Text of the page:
Written evidence submitted by Professor Kevin Browne, Centre for Forensic and Family Psychology, School of Medicine, University of Nottingham (HSC0008)
Kevin Browne, Ph.D., C.Psych (foren), C.Biol
Professor of Forensic Psychology & Child Health
Director of Centre for Forensic and Family Psychology
Division of Psychiatry and Applied Psychology, School of Medicine
University of Nottingham
Floor B, Yang Fujia Building, Jubilee Campus
Wollaton Road, Nottingham, NG8 1BB, UK
Exposure to Family Violence
Conflict in the family is inevitable to some extent, however in some instances the conflict escalates into violence, with children as direct victims of physical assault or indirect victims who witness violence between their parents. Cases of family violence have been made worse by the current COVID-19 pandemic, due to victims feeling trapped at home with individuals prone to violence. The violence is more likely due to the frustrating circumstances of ‘lockdown’ and the stress of loss of income. Indeed, compared to 2019, the UK has seen a 27% increase in the suspected number of children who are abused at home, and the number of serious incidents ending in child death rose from 89 to 119 (BBC News, 2021). Research suggests that children exposed to family violence and/or child abuse are prone to face a broad array of negative behavioural, psychological and social consequences (Gilbert et al, 2009).
Family Violence has been defined by the Council of Europe (1986) as
"Any act or omission committed within the framework of the family by one of its members that undermines the life, the bodily or psychological integrity or the liberty of another member of the same family or that seriously harms the development of his or her personality."
This definition incorporates all forms of violence involving physical, psychological and/or sexual threats or use of aggression toward another, otherwise to treat or use persons or property in a way that causes injury and/or forcibly interferes with personal freedom. This may be of an emotional nature, for instance; verbal or non-verbal threats of violence, suicide, destroying pets, punching walls, throwing objects, locking a person in a room and other aversive treatment; such as withholding money, food and social interaction, or corrupting and exploiting the individual.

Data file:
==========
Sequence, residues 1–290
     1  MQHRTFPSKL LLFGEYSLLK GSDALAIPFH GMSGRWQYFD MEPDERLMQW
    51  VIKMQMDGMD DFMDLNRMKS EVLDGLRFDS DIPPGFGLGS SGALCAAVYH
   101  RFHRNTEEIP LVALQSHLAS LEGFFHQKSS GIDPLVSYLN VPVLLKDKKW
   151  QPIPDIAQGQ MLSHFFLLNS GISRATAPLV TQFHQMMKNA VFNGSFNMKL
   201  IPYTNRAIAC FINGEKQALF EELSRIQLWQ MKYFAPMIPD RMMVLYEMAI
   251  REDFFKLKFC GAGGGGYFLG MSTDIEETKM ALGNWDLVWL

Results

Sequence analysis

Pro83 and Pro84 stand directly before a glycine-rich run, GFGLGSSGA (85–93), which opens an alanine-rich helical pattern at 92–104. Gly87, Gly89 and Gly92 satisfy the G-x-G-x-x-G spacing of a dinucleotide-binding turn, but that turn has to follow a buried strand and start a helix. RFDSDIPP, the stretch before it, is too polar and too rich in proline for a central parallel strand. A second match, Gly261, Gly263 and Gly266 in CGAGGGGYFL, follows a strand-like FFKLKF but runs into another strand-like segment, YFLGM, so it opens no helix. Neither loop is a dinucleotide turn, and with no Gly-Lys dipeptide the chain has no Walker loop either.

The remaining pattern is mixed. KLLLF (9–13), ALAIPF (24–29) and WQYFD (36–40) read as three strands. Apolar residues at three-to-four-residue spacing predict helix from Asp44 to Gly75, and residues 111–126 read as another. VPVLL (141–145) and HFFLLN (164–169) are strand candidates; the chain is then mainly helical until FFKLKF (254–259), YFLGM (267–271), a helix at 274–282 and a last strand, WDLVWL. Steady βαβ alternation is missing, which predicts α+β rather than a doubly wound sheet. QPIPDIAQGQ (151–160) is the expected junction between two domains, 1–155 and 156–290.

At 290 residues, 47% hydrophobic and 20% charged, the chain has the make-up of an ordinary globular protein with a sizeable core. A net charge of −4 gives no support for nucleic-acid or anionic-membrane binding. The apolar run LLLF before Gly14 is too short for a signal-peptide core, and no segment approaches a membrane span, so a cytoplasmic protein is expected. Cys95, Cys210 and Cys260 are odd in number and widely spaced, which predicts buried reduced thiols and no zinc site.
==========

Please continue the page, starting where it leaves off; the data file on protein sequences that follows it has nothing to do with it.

Browne and Herbert (1997) state that violence in the family falls into one of two main categories, active or passive. Active violence can be physical (non-accidental injury, forced coercion and restraint), psychological (intimidation, emotional abuse, material abuse) or sexual (incest, sexual assault and rape). Similarly, passive violence can also be physical (poor health care, physical neglect) psychological (lack of affection, emotional neglect, material neglect) or sexual (failure to protect, prostitution).
According to the England and Wales National Crime Survey (CSEW), incidence of domestic violence between parents was 24,677 cases in the year ending March 2020. In a fifth of the cases, children saw or heard the incident (ONS, 2020). This is likely to be an underestimate, due to children pretending they did not see or hear anything out of fear, or parents not reporting it for fear of consequences. By contrast, Browne et al (2017) claim that most children in violent families witness their parents fighting or their mothers being violently attacked. Furthermore, there is a significant overlap between a child witnessing violence in the family and being a victim of it. Browne and Hamilton (1999) reported that 46% of English spouse abuse cases reported to the police, the child(ren) in the family were also found to physically harmed. Witnessing or being subject to violence can adversely affect children and young people’s mental health and well-being and is associated with emotional and behaviour problems in children and young people (Gilbert et al, 2009).
Physical Health, Mental Health and Behavioural Consequences